Before and after the champagne dousings, LeBron spoke proudly of his journey, “I’m from Akron, Ohio, and I’m not even supposed to be here,” reminding me that where you come from — single parent, low-income household, tough part of town — the physical place counts. But there’s also the space cleared by people who came before. Remembering includes replenishing those roots, building a gym or hosting a bike-a-thon, doing whatever we’re able, when and where we can, smoothing the way for those who follow us — both literally and figuratively.
So, thanks, LeBron, for showing me you don’t have to be perfect or old to be a role model.
Tolliver is a writer living in Bangor, Pa. She can be reached through her She blogs at

Stepping Into A New Role


Greater Lehigh Valley Writers Group offers support, networking to local writers

greater lehigh valley writers group member talk
Fiction writer and GLVWG member Phil Giunta, left, discusses writing with Webmaster Bart Palamaro, President Melba Tolliver and other members July 20 at a brunch hosted by Friends of the Bangor Library at Bangor Public Library. (Express-Times Photo | Stephen Flood)
Jenelle JanciBy Jenelle Janci 
on July 27, 2013 at 6:06 AM, updated July 29, 2013 at 3:33 PM
Above the desk of Melba Tolliver, president of Greater Lehigh Valley Writers Group, a mantra is displayed: “The first draft is only the beginning.”
Tolliver’s choice of home office decoration is a reflection of her group’s purpose. GLVWG acts as a support network and provides resources such as lectures, workshops and critique groups to writers of all levels. The group began in 1993, with only five writers meeting in a living room. GLVWG now has 161 members.
Tolliver, who became president in June, worked as a broadcast journalist for nearly 30 years, having worked at WABC-TV, WNBC-TV, News 12 Long Island. After permanently living in Lower Mount Bethel Township for nearly a decade, she says her friend, the late playwright and author Bill Marley, convinced her to check out GLVWG’s annual Write Stuff Conference.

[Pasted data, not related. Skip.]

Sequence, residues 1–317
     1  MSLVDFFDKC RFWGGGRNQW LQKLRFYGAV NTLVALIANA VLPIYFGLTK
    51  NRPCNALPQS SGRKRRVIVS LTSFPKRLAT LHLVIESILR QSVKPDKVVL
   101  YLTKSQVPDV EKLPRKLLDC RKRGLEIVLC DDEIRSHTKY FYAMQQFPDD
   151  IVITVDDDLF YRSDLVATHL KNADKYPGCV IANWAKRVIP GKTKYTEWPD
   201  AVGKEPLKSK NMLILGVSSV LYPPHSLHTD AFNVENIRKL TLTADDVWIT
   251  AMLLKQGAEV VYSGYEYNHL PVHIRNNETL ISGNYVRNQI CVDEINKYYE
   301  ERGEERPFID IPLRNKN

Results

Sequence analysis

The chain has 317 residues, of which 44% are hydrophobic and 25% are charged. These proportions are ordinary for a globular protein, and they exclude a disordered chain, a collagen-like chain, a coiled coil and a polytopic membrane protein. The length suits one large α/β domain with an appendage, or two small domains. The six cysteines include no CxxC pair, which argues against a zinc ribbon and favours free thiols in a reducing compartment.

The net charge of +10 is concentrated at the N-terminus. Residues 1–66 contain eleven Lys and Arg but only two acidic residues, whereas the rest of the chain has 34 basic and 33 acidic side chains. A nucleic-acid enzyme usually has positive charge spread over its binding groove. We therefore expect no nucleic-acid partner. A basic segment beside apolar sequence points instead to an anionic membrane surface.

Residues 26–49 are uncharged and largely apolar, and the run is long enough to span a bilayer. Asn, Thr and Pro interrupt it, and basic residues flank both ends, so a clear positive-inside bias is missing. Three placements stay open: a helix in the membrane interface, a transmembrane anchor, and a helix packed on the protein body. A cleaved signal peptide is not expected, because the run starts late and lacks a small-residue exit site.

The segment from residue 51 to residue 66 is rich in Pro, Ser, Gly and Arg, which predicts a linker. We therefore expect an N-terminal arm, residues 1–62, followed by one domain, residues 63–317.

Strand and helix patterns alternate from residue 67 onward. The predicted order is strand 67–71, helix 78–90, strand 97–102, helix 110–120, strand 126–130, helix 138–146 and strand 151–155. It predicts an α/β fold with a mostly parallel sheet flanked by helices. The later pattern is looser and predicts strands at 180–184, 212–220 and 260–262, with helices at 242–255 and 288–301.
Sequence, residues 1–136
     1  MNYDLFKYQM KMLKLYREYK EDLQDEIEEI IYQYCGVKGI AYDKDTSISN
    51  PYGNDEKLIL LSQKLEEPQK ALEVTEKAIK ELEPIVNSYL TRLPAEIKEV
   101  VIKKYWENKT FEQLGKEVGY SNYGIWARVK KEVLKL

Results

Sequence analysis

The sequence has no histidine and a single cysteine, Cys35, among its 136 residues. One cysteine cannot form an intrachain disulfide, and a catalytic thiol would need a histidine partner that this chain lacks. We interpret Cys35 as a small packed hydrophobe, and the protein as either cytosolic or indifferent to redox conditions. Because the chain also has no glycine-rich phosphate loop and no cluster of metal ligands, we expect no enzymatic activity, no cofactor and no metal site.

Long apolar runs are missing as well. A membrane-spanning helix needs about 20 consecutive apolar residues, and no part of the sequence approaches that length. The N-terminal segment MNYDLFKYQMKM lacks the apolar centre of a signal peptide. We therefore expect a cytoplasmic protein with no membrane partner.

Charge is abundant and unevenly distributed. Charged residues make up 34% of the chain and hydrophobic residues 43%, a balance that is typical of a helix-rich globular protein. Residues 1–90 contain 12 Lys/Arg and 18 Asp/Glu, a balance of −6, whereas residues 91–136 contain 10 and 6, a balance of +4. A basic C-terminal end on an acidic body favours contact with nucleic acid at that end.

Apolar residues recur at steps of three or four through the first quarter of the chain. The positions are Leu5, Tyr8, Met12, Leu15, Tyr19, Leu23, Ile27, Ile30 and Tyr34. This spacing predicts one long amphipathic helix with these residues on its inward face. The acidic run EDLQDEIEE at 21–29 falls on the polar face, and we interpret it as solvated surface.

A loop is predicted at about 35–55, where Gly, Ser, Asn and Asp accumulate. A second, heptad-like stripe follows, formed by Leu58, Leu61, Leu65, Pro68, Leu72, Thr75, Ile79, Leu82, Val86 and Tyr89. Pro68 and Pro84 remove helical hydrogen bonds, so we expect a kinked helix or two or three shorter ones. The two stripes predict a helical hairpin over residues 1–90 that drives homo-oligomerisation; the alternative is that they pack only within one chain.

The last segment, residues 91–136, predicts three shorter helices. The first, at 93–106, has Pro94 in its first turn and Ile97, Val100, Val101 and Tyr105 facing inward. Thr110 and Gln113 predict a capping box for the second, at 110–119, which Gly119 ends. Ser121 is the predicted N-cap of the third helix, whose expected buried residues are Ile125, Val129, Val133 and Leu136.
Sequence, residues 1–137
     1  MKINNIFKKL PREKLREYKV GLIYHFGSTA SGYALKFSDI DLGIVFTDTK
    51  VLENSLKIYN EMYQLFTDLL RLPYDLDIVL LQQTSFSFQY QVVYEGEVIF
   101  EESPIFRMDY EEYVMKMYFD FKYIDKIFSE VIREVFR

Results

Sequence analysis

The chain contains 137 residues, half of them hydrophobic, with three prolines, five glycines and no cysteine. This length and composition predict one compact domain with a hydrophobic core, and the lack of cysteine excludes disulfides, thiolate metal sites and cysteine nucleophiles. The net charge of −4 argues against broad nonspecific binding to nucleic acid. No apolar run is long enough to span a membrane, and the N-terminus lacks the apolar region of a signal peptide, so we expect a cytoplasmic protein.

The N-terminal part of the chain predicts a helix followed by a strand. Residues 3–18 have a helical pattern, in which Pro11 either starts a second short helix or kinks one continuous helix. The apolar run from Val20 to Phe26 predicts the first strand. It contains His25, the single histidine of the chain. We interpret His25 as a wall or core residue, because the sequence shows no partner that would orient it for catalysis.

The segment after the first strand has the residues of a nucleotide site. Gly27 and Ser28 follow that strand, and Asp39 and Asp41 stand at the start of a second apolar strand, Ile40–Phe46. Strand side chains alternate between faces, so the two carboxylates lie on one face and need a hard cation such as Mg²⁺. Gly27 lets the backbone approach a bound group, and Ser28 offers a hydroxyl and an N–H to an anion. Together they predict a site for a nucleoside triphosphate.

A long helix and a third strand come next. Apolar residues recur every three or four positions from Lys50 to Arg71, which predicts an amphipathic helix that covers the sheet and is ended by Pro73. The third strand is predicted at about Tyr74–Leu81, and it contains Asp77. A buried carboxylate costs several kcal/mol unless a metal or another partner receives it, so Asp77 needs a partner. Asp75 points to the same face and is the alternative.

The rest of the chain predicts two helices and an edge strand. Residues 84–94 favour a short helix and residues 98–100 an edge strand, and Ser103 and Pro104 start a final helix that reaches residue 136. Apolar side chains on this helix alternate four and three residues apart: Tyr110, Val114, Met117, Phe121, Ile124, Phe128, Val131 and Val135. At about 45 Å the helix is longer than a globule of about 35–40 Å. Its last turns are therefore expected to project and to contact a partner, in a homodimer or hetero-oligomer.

“I was so enthralled by it, that I started my blog and my first post was about (The Write Stuff Conference),” Tolliver says.
The Write Stuff Conference, held every March, is GLVWG’s biggest event of the year. It features specialized workshops, speakers and networking opportunities. Tolliver says many GLVWG members have connected with their agents and editors at the conference.
Now the group’s leader, Tolliver hopes to give a new life to the nonprofit organization.
“I would like to see the group be very bold in what we do,” she says. “I’d like us (the board members) as a core group to really be thinking in terms of doing things not because this is the way we always did it, but how can we really refresh and renew what we’re doing and our mission, and get the membership really excited about it.”
GLVWG, pronounced “gliv-wig” by its members, hosts a monthly Writers Cafe event open to the public at Barnes and Noble in Bethlehem Township’s Southmont Center. The writer’s cafe, hosted by GLVWG’s webmaster Bart Palamaro, is a one-hour talk followed by the opportunity for attendees to share and receive feedback on their work.
“It’s a range of people, people who have been published and people who are just starting out and everything in between at the cafes,” Tolliver says. The genres covered by the group’s members vary, including young adult, paranormal, romance, children’s books, memoir and fan fiction.
John Evans, published author, former Lopatcong Township teacher and former GLVWG president, says he loves attending the Writers Cafe events.
“I find it more beneficial to me sometimes than the actual meetings because it’s a free-flowing dialogue about writing,” he says.
While it can be intimidating for some writers to open themselves to criticism, Tolliver says attitude is key.